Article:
MicroRNA PCR array
cDNA was prepared using the miScript SYBR Green PCR Kit (Qiagen, Sussex, UK) according to the manufacturer’s instructions. The mixture was then loaded into each well of the 96-well miScript miRNA PCR array plate (Qiagen, Sussex, UK) and run in a real-time LightCycler 480 (Roche, Sussex, UK). Data were analysed using the ΔΔCT method of relative quantification and the miScript miRNA PCR array data analysis software (Qiagen, Sussex, UK). Normalisation was against the average threshold cycle of the entire plate minus Ct values > 35 (the maximum threshold value) and 4 control genes (2× miRTC and 2×PPC) that were separately used to assess reverse transcription and PCR performance.
Mature miRNAs were assessed using primer assays for miR-222 with RNU62 for normalisation according to the miScript miRNA Primer Assay Handbook (Qiagen, Sussex, UK). Messenger RNA was assessed using primer assays for CDKN1B (p27) with GAPDH for normalisation according to the Quantitect Primer Assay Handbook (Qiagen, Sussex, UK) and run in a real-time LightCycler 480 (Roche, Sussex, UK). Each sample was run in quadruplicate, which were analysed by the ΔΔCT method for relative quantification.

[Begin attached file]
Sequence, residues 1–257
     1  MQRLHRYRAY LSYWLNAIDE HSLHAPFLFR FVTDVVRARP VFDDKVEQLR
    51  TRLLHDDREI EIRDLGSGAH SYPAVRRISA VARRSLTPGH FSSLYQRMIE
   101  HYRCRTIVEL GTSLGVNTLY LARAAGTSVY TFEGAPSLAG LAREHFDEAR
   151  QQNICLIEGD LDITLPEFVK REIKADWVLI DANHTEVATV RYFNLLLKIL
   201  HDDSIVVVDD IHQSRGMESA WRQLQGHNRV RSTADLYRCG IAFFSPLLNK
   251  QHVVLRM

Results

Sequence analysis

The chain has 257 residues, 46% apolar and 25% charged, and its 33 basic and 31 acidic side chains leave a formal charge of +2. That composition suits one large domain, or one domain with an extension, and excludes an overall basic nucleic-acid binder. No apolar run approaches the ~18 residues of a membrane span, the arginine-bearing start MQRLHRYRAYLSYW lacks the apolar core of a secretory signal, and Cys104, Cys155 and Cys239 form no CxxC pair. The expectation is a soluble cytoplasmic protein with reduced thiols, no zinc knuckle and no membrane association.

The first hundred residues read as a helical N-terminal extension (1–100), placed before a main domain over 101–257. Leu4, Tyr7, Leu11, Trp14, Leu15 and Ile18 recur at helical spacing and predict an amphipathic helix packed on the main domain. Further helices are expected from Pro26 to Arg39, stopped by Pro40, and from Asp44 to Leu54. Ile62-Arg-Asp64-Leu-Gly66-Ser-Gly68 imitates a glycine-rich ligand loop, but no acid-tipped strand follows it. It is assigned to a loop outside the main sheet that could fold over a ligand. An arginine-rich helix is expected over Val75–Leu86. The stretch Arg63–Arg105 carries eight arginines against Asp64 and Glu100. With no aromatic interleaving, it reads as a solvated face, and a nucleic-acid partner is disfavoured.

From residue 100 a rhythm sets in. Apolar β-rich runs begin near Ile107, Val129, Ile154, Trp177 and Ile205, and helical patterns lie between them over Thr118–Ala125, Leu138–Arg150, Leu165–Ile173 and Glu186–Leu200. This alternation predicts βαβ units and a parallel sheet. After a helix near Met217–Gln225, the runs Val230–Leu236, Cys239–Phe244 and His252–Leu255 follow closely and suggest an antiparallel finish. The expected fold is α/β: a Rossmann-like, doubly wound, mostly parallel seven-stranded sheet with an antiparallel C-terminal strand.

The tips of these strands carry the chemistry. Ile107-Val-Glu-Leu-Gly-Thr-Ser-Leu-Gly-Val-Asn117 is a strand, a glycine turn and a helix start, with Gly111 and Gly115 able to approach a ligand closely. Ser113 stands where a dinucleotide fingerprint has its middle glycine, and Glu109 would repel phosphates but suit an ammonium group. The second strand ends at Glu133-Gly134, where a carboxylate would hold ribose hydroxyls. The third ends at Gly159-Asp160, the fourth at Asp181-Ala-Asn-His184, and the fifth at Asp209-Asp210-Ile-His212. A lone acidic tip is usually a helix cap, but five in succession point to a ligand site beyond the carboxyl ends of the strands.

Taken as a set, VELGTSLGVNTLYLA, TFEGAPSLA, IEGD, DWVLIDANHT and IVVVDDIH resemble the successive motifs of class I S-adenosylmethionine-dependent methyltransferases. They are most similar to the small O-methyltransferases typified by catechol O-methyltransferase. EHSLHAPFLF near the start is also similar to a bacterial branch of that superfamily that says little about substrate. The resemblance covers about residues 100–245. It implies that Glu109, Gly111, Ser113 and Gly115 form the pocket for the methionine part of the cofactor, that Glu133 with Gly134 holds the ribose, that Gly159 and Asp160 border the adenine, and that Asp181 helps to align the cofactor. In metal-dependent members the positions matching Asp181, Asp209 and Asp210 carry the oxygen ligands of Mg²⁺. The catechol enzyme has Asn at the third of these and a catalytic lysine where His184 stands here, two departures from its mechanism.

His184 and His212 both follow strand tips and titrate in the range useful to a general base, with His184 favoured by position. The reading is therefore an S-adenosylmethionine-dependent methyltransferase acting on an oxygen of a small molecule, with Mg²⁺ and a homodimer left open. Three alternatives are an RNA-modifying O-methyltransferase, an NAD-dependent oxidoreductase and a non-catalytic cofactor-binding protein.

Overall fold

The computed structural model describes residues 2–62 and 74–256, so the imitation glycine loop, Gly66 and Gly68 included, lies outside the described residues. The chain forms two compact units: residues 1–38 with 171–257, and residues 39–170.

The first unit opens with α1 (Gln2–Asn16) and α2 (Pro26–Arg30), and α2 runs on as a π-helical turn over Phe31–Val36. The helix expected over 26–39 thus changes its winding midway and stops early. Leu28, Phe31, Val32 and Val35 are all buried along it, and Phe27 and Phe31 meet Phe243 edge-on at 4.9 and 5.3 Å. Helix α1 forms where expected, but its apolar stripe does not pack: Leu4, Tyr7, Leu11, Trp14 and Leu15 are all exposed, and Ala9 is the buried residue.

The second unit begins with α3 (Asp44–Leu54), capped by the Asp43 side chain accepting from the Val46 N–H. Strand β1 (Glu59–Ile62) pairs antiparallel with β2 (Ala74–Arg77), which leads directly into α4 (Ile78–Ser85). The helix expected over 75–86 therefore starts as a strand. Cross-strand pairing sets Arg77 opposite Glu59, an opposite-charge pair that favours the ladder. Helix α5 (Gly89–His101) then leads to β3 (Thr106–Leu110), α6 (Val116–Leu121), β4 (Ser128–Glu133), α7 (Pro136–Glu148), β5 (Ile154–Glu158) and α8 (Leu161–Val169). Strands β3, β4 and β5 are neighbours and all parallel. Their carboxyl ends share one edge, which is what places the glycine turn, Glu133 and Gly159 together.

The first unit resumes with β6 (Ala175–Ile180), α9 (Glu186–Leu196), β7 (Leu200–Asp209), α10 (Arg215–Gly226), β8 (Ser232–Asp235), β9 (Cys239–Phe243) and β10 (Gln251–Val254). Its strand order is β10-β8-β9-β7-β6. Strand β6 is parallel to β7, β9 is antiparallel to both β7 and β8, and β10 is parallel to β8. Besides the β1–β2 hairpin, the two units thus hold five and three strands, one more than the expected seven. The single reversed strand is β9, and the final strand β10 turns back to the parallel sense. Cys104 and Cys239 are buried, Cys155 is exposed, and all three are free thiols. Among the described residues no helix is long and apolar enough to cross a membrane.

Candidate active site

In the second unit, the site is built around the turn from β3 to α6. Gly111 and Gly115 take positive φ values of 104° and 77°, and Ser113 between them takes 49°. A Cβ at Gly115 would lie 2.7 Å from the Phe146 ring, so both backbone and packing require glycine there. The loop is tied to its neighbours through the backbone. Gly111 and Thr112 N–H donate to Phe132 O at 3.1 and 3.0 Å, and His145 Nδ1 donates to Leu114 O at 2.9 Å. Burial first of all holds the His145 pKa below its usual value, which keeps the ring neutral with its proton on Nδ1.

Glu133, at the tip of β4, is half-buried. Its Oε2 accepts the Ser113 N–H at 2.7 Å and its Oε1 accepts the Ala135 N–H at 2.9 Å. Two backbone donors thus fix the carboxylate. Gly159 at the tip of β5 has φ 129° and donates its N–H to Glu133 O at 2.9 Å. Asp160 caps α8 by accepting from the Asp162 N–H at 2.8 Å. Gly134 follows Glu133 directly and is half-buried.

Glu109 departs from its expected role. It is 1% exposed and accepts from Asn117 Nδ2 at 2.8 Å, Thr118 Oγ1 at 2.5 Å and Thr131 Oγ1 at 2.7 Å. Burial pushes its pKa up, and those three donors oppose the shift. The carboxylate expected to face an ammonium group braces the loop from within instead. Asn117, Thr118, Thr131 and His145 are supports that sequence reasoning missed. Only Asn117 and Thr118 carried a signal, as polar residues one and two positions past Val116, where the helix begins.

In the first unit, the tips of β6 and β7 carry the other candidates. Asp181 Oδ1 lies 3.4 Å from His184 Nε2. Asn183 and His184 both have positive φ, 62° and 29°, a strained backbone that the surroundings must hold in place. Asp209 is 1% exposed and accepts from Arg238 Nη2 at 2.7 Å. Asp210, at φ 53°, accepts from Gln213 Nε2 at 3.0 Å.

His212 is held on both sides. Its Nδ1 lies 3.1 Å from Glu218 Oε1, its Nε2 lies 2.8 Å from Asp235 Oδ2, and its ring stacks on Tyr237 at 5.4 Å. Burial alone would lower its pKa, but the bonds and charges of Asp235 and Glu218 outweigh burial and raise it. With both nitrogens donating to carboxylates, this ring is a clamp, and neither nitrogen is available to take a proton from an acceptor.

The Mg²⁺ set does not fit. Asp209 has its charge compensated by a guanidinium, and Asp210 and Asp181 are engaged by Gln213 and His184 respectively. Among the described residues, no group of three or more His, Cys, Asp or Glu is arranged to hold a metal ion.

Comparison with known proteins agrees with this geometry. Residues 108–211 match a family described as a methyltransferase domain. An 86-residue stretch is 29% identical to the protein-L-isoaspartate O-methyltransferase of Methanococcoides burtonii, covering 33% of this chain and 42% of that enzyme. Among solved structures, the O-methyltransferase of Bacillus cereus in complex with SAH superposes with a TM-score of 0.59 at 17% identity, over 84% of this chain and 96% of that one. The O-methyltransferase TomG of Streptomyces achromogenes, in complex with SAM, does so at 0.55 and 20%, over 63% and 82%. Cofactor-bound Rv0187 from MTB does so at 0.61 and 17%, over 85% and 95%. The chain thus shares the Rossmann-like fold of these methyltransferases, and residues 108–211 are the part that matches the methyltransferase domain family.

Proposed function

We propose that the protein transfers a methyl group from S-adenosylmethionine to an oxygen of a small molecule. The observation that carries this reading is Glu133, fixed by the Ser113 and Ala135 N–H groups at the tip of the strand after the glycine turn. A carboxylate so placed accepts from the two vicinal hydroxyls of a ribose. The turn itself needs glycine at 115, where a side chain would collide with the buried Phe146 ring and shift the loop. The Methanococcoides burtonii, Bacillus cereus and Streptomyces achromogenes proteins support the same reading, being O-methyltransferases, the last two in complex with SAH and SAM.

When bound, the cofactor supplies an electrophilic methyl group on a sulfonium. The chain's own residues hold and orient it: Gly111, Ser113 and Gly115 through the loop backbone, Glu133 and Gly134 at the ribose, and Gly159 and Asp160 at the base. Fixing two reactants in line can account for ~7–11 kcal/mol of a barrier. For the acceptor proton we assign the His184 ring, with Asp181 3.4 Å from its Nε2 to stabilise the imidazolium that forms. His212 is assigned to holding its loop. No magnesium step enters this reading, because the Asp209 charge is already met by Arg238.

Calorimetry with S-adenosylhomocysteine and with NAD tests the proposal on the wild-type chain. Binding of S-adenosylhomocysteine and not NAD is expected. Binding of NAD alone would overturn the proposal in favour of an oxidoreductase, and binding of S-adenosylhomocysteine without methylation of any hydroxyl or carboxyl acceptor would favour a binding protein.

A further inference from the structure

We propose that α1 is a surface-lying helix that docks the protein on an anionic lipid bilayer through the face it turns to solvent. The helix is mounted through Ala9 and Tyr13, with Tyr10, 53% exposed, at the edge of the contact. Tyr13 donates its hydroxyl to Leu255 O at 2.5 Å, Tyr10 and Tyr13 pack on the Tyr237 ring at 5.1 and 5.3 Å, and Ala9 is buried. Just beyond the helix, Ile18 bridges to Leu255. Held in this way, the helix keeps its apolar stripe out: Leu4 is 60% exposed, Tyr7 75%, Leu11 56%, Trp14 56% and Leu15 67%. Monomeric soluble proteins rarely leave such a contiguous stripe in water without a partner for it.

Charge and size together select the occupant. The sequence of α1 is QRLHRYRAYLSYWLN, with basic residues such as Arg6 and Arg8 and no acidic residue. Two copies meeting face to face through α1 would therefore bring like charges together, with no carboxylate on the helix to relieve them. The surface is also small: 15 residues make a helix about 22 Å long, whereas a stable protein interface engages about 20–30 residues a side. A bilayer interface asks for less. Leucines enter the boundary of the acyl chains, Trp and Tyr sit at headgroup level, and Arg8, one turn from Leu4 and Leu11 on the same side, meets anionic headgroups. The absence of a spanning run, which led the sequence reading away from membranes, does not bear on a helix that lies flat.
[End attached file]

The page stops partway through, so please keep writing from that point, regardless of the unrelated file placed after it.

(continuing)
Small interfering RNA (siRNA) transfections
AGSGR cells were transfected with SMARTpool: ON-TARGETplus™ human CDKN1B (p27) siRNA (L-003472-00-0005) or SMARTpool: ON-TARGETplus™ Non-targeting Pool siRNA (D-001810-10) (both from GE Dharmacon) for 48 h according to the manufacturer’s instructions and using DharmaFECT 1 transfection reagent. Cell culture medium was then changed to serum-free medium when 10 nM G17 treatment was applied.